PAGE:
Younger equine enthusiasts may not remember horses ever becoming ill from West Nile Virus. This virus appeared in South Dakota in the summer of 2002. Hundreds of horses across the state succumbed to this disease, with at least a third of those affected dying or needing to be put down.

Shortly after that summer, clinical West Nile cases in horses began to subside greatly. Today a clinical case of West Nile virus infection in a horse is a relative rarity. A young person showing horses today probably wonders what the big deal is about this disease.

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West Nile is still a “big deal,” as evidenced by the human illnesses that still occur. South Dakota records West Nile Virus cases every year, usually beginning in June. In “good” years, South Dakota may see a dozen or so human cases of West Nile Virus; in “bad” years the toll can be in the hundreds.

This is all the evidence one needs to know that West Nile virus is still a potential threat to our horses. The virus has a reservoir in wild birds such as crows and blue jays. Mosquitoes that bite those infected birds and then bite a horse or person can transmit the disease. Once the virus is inside the body, it seeks out and attacks cells of the nervous system: nerves, the spinal cord, and the brain. The results for infected horses are signs such as muscle tremors, incoordination, weakness, behavior changes, and fever. The incoordination and weakness is often present only on one side of the animal, which can make initial signs look a lot like lameness.

It’s important to know that horses can’t transmit the virus to people, even if a mosquito bites an infected horse and then a person. The same holds true for a person transmitting West Nile Virus to a horse. Both are (sometimes ominously) referred to as “dead end” hosts.

What are the reasons for the decline in West Nile Virus cases in horses, while human case numbers remain high? One substantial reason is vaccine. Once a vaccine was approved for horses, it was widely adopted, and remains so today. Today there are several West Nile Virus vaccines available to horse owners, some of them in combination with other important disease agents such as sleeping sickness and tetanus. West Nile Virus vaccines should be a routine part of every horse’s preventive health program. For more information, view the SDSU Extension Vaccinating your horses for West Nile Virus publication.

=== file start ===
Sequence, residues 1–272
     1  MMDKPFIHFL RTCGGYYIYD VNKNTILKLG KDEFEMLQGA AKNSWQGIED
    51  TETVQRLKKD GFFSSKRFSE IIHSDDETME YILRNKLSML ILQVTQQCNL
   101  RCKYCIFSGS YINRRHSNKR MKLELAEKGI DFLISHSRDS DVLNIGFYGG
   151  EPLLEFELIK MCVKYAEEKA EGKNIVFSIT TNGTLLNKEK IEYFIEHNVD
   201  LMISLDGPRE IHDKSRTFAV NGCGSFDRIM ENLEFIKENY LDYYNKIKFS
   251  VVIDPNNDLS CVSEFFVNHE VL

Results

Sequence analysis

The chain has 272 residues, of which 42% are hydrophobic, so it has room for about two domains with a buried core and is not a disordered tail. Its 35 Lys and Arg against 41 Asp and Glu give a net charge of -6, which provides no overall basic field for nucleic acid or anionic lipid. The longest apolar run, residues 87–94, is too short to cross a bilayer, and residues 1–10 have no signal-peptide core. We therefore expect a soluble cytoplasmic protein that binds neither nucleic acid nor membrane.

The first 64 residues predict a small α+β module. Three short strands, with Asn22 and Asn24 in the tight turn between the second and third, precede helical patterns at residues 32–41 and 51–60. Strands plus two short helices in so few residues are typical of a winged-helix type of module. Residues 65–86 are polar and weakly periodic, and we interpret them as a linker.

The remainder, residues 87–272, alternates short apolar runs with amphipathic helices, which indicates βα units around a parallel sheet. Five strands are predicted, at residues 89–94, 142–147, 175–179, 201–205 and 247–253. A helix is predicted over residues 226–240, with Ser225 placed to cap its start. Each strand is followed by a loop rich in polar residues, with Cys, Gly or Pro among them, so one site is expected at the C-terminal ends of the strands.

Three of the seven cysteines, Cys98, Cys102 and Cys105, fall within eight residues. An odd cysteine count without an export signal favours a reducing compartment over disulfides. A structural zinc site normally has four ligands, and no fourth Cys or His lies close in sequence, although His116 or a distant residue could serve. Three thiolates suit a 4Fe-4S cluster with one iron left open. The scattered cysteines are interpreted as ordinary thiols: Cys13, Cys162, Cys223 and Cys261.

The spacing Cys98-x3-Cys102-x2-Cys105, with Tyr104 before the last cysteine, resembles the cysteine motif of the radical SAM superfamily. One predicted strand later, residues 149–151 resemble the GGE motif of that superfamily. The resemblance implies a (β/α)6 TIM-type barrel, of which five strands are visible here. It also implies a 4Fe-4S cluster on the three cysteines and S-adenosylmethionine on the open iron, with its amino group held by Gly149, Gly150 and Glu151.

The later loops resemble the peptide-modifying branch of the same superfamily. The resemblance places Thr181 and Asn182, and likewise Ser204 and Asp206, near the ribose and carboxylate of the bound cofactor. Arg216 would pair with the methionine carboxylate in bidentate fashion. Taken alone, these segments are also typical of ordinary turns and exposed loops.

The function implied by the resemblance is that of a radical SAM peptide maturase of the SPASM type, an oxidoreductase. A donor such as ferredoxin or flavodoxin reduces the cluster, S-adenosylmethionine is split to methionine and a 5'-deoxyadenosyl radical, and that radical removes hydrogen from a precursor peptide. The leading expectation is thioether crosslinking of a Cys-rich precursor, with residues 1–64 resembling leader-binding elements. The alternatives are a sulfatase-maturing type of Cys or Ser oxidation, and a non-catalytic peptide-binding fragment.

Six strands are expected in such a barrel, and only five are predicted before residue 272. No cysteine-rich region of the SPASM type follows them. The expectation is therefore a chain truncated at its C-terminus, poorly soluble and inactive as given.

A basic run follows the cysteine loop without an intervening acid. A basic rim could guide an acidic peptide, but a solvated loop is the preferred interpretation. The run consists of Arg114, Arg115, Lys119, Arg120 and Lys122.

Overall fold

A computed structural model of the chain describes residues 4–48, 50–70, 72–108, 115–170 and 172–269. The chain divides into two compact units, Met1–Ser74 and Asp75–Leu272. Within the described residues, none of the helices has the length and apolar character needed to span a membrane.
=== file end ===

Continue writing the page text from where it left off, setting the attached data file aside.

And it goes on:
Yet a handful of West Nile Virus cases still appear in our area every year, almost exclusively in horses that have not been vaccinated. This demonstrates the effectiveness of the vaccine, as well as the extent to which horse owners and veterinarians have embraced its use.

While vaccine has been a powerful tool to protect horses from West Nile Virus infections, horse owners should not forget about basic mosquito control. After all, no vaccine is 100 percent effective in every instance. In addition, there are other horse diseases spread by mosquitoes. Some of them, such as sleeping sickness, can also be prevented through vaccination. For others, vaccines do not exist – although these tend to be very rare occurrences. Probably more importantly, we need to control mosquitoes to keep us and our family members safe from West Nile and these other mosquito-borne germs.

We know that mosquitoes breed and thrive in standing water and surrounding muddy areas. In pasture situations, it’s impossible to remove all of these conditions. But one should do what’s possible to reduce their number. In areas frequented by people and horses, stale standing water in buckets and other containers should be removed. Some premise sprays may be useful to control mosquitoes around barns and small lots. When using these products, animals should stay out of those areas until the spray is dry. On some nights, it may be best to simply bring horses inside.

The duration of effect of insect repellants for use on the horses themselves sometimes leave much to be desired. Some products have better residual activity than others. It’s always safest to use products specifically labelled for horses. The mosquito repellants containing DEET, which are recommended for people use, are not labelled for horses. The research on DEET in horses is old, but indicates that skin problems can result from its use – so use of those products is best avoided.

West Nile Virus problems in horses have been reduced almost to the point of irrelevance through widespread adoption of vaccination and other control methods. In some ways, this is a dangerous point in time. If we assume this disease is no longer one we need to be concerned with and let our guard down, it will come back to afflict more horses in years to come.

By Russ Daly, DVM, DACVPM, iGrow.org